Why is our cat being a jerk?

Discussion in 'Other Pets & Livestock' started by Cara, Jun 12, 2008.

  1. Cara

    Cara Songster

    Aug 30, 2007
    NM
    We adopted a cat in March after our friendly barn cat disappeared. This one is an indoor only cat. At first he was a good cat, and acted like he'd always lived with us (no hiding under the bed or anything). Now he's terrible. He's decided he doesn't want to use his (clean) litterbox, and instead pees and poops in my husband's laundry basket (twice today already). We clean up after him but he still goes in that spot. He steals anything of ours he can and digs it into his litter box too. He has a scratching post that he always used to use, but he's now decided he prefers our leather living room furniture, our kitchen chairs, the door frames (which he leaps up against and grips on)... We specifically asked for a cat that gets along with dogs, and let him settle in for several weeks before we introduced him. He has his own space (our bedroom and bathroom) where the dogs aren't allowed, but he attacks them even if they are ignoring him. Is he psycho or is it us? My husband wants him gone and i'm inclined to agree now.
     
  2. catnip

    catnip Songster

    104
    0
    129
    Mar 27, 2008
    Nebraska
    Eliminating outside of the litterbox can be a sign that the cat is not feeling well. You might want to take him to the vet for a check up.

    If he's a "teenage" cat, his aggression to the dogs could be a phase. Either way, I know how frustrating it can be when the cat decides to not use the box. Any messes you clean up should also be sprayed with an enzyme product that's made to eliminate the odor. Once a cat starts going in a certain spot, they're apt to come back if they can still smell the spot from an earlier elimination.

    Best of luck!
     
  3. redhen

    redhen Kiss My Grits...

    35,111
    143
    458
    May 19, 2008
    Western MA
    for the litter box problem..like catnip said....you have to use an enzyme..pet cleaner..that will get his urine smell out of the area...also...i'd cover up that area with something....maybe move the basket..and put something else there..also...when u clean up his mess...dab it up with a paper towel..then put the paper towel in his litter box....put him in the box so he can smell his pee-poop....just keep cleaning up his messes VERY good,,and put his urine-poop smell in his box..they usually catch on very quickly...unless he is sick?..was there any blood in his urine?..do u see him straining to go to pee?..if so..he needs to go to vet a.s.a.p....as for the scratching of the furniture....*sigh*...i wish i could help you there!....i have had the same problem:barnie...i just get mine de-clawed..when they go in to be neutered or spayed..but dont get him de-clawed if you are going to let him outside...or if you are ever going to give him away...best wishes..Wendy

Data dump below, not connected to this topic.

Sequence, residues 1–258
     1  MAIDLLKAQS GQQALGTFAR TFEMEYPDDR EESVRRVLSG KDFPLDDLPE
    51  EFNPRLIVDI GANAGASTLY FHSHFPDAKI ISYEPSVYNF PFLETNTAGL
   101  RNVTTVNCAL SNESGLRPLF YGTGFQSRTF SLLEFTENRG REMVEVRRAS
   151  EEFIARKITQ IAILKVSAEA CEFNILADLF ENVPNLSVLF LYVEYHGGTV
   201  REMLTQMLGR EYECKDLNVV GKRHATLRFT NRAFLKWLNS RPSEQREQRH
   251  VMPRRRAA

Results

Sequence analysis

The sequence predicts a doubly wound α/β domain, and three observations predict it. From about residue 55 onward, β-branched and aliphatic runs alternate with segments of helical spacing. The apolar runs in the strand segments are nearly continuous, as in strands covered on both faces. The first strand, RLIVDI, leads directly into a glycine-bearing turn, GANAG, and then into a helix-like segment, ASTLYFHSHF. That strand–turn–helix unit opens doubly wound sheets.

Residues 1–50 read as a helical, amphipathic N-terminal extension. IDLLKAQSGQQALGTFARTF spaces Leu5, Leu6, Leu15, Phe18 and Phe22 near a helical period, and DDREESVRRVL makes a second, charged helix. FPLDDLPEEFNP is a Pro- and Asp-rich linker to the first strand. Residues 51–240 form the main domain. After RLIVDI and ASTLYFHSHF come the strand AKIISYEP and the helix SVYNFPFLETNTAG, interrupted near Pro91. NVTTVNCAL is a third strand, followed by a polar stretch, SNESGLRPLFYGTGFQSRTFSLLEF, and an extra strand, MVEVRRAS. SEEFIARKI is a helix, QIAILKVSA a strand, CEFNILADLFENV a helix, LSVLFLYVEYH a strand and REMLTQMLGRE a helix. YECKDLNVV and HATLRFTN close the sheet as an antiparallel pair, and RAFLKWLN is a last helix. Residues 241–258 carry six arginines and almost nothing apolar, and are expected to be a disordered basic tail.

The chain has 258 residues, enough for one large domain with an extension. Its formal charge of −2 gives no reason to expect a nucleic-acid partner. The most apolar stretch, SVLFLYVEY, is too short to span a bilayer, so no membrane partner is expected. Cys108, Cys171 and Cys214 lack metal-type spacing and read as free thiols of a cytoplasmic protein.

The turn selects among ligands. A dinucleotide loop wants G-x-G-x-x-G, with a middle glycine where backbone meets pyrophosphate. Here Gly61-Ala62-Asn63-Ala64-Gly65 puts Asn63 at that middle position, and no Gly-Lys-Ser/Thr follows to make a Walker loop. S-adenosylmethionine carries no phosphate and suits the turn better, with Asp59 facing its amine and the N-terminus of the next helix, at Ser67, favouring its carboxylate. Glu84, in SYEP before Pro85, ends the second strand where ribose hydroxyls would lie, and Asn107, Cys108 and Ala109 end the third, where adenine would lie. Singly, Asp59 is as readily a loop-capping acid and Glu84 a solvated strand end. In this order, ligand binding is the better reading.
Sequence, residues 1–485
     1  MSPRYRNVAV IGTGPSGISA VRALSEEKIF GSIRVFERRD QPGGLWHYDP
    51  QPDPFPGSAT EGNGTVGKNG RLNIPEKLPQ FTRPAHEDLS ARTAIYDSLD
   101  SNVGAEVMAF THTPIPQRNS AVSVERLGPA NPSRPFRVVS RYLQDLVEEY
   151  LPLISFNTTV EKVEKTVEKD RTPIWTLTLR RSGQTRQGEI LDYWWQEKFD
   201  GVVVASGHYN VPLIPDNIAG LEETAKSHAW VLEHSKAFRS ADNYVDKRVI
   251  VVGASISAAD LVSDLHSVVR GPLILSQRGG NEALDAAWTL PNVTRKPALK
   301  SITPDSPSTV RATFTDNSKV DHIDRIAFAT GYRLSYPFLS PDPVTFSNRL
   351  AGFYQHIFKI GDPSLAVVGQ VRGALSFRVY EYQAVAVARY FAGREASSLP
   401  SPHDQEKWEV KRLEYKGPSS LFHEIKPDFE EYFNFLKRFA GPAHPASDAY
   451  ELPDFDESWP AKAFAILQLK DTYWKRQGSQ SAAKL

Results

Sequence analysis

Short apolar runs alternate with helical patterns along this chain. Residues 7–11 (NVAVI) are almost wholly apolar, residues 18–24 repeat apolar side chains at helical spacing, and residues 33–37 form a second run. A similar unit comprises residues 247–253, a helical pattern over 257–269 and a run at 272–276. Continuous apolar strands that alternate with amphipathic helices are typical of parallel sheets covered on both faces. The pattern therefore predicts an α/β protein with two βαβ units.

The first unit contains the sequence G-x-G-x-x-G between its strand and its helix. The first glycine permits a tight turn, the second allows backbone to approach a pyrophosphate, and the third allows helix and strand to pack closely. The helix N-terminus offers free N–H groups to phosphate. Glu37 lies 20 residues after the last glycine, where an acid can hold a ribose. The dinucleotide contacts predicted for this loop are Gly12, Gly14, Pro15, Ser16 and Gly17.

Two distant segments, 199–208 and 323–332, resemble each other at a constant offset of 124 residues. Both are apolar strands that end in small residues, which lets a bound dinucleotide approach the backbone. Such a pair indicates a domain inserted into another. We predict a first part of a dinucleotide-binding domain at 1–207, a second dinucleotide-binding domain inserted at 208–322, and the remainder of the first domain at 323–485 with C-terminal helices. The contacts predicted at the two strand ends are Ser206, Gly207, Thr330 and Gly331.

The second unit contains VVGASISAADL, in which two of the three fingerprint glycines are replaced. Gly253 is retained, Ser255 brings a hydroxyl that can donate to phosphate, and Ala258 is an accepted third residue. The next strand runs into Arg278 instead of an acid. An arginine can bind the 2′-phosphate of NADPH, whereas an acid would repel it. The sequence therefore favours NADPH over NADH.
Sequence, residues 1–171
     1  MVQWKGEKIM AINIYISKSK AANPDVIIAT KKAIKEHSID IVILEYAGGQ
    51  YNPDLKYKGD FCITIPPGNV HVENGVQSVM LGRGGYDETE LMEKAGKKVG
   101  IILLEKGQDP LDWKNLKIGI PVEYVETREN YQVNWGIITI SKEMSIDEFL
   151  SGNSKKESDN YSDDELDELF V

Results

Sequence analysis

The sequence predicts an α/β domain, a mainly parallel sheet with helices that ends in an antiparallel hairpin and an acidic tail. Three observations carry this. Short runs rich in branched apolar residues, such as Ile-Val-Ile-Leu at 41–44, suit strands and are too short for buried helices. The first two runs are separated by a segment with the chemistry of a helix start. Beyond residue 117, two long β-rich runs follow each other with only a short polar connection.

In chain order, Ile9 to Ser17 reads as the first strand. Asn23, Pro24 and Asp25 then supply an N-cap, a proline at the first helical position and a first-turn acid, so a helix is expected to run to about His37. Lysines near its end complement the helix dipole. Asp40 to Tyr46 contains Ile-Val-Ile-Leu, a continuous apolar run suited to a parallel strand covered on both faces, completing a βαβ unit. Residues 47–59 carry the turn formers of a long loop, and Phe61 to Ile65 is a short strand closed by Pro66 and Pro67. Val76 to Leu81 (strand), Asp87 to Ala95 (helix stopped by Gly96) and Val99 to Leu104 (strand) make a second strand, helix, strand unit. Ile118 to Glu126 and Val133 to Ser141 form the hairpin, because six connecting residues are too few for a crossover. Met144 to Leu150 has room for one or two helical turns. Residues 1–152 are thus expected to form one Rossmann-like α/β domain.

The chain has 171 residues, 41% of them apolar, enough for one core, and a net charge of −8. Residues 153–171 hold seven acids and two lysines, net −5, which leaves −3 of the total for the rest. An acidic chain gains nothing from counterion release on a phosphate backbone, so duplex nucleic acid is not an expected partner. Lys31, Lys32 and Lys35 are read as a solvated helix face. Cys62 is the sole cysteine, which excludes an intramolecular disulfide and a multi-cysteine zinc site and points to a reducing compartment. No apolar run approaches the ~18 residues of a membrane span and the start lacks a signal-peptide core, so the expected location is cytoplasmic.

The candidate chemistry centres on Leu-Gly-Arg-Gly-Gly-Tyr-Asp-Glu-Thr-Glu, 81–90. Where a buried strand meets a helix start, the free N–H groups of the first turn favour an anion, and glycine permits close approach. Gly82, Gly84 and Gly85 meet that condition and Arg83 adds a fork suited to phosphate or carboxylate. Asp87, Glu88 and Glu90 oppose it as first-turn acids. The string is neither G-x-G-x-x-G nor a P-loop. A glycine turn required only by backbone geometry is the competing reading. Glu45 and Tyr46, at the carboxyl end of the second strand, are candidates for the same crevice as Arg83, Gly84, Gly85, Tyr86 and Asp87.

4. Rosalind

    Rosalind Songster

    Mar 25, 2007
    Lots of questions...

    What sort of scratching post is it? Does it have just one kind of surface or multiple surfaces (carpet, rope, wood)? When he scratches inappropriately, how do you show him to go to the scratching post? Do you rub catnip or treats on the scratching post?

    Have you changed litter recently? Gotten the automated boxes instead of the old fashioned kind? Are you scooping daily, twice a day? Moved the litterbox? Agree with catnip, you should have him checked over by the vet--refusing a litterbox post-litter training is often a sign of urinary or gastrointestinal illness. He could have cystitis or IBD and associates the box with pain. Is he neutered yet? He could be spraying his territory.

    Do you have other cats? Do the dogs stand between him and the litterbox? One of mine poops in the bedroom if he doesn't feel like sneaking past the dog all ninja-style. If that's the case, can you relocate the litterbox so the dogs can't get between it and him?

    How big are these dogs compared to him? It could be that he gets along great with, say, a Chihuahua, but feels intimidated by a bigger dog. It does sound like he feels threatened by the dogs; he may just not be sure where he stands in the Human-Pet hierarchy, and needs to beat up on the dogs in order to get a sense of his place in the world. If you have multiple cats, when introducing a new cat, they usually have a big hissy fight or three, just to establish hierarchy, similar to chicken pecking order. In which case he will settle down in time.
     
  5. happyhen

    happyhen Songster

    673
    4
    151
    May 8, 2008
    Northeastern Ohio
    Just a suggestion......

    most pet stores (and vets) have a pheromone (plug in or spray) that tends to relax cats and helps prevent "bad" behavior. They have them for dogs too.

    I suggest calling your vet and maybe trying one of these products. Good luck!